In June 2019, an IDF force entered the Palestinian West Bank city of Nablus to perform a series of routine arrests. At some point, the Israeli force and members of the Palestinian Authority security service began exchanging fire after the Israeli side erroneously identified them as armed hostiles.
While this incident ended with no casualties and only one Palestinian servicemember was wounded, the Palestinians were livid.
Israeli security forces and IDF officers opened a continuous dialogue with their Palestinian counterparts, at all levels, to avoid hostilities and ensure the continued security coordination between the two sides.
The 2019 incident in Nablus, as well as the most recent incident in the Palestinian city of Jenin — during which two Palestinian security officers and the suspect were killed by Israeli forces — are just two examples of flare-ups between Israeli and Palestinian security forces on the ground.
It is a sensitive relationship that can overcome the tensions that such incidents bring in most cases.
Normally, security coordination between the two sides allows freedom of action for IDF forces during arrests in areas under Palestinian security control.
The IDF usually issues a warning from Israel to the coordination and liaison headquarters before making an incursion, sharing the time and location in which IDF forces plan to enter.
Palestinian police and other members of the security apparatus in the area are then evacuated shortly before Israeli forces enter to prevent the sides from opening fire at one another as happened Wednesday night in Jenin.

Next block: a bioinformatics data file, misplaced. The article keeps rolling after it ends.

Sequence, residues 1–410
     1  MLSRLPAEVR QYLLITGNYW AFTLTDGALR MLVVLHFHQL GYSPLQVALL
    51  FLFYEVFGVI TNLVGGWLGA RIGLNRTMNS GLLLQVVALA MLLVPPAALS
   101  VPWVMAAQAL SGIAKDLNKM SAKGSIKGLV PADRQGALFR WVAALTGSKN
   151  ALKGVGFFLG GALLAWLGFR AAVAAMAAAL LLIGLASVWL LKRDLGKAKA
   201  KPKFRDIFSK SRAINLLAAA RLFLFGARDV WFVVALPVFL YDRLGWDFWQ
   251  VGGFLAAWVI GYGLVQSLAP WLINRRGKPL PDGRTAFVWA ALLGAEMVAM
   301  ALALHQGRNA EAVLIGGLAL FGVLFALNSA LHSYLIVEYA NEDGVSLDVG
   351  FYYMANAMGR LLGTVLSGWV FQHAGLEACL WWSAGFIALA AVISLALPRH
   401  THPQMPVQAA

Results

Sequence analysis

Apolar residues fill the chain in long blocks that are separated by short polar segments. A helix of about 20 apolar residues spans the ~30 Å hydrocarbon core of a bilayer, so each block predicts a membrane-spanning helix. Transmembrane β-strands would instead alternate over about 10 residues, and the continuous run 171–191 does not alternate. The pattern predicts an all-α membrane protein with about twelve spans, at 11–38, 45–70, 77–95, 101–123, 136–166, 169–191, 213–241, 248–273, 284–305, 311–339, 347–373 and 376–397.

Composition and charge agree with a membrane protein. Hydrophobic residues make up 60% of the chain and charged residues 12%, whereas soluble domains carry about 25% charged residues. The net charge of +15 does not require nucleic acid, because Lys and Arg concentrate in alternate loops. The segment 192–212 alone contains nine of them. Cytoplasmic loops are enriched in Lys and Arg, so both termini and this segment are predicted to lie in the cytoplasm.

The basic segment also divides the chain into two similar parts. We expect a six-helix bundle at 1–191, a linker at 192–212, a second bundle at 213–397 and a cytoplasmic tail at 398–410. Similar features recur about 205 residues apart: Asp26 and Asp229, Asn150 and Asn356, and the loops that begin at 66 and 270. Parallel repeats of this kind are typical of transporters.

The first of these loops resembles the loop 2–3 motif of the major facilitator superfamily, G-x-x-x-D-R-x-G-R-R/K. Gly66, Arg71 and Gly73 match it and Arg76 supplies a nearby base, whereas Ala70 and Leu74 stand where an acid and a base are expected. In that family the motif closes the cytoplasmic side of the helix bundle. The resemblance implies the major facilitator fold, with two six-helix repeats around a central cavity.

This safeguard protocol was not activated this time around as the IDF force that entered Jenin operated undercover.
Israel does not alert the Palestinians when fielding undercover units — which are dressed in civilian clothes and ride vehicles with Palestinian license plates to blend in with the population.
Clashes may erupt when the undercover force is stopped for routine inspection and is exposed or when Israeli forces exchange fire with their targets and Palestinian security forces mistake them for criminal gangs.
After such instances, the Israeli side launches an investigation into the incident and reports its results to the Palestinian side.
And while security collaboration between the two sides often goes back to normal shortly after, timing is key — and this incident comes at a time when tensions are running high in the West Bank due to the recent round of fighting between Israel and Gaza and the volatile situation in Jerusalem.
The terrorist group Hamas has already taken advantage of the incident by praising the two slain security officers for fighting against Israeli forces and standing by the wanted men they came to arrest.
Hamas often uses such incidents to try and incite security officers to attack Israeli forces.
The defense establishment now has to contend with both the Palestinian security forces themselves, and with the fire that Hamas is trying to stoke among the Palestinian population within Gaza and in the West Bank.
It is important to note that the most significant slumps in security coordination between Israel and the Palestinian Authority followed events with geopolitical implications — such as Israel’s attempts to install magnetometers on the Temple Mount or when Jerusalem announced it was planning to annex the parts of the West Bank.
And while incidents such as the one in Jenin had never seriously affected security ties, the current sensitive reality means Israel cannot necessarily rely only on p.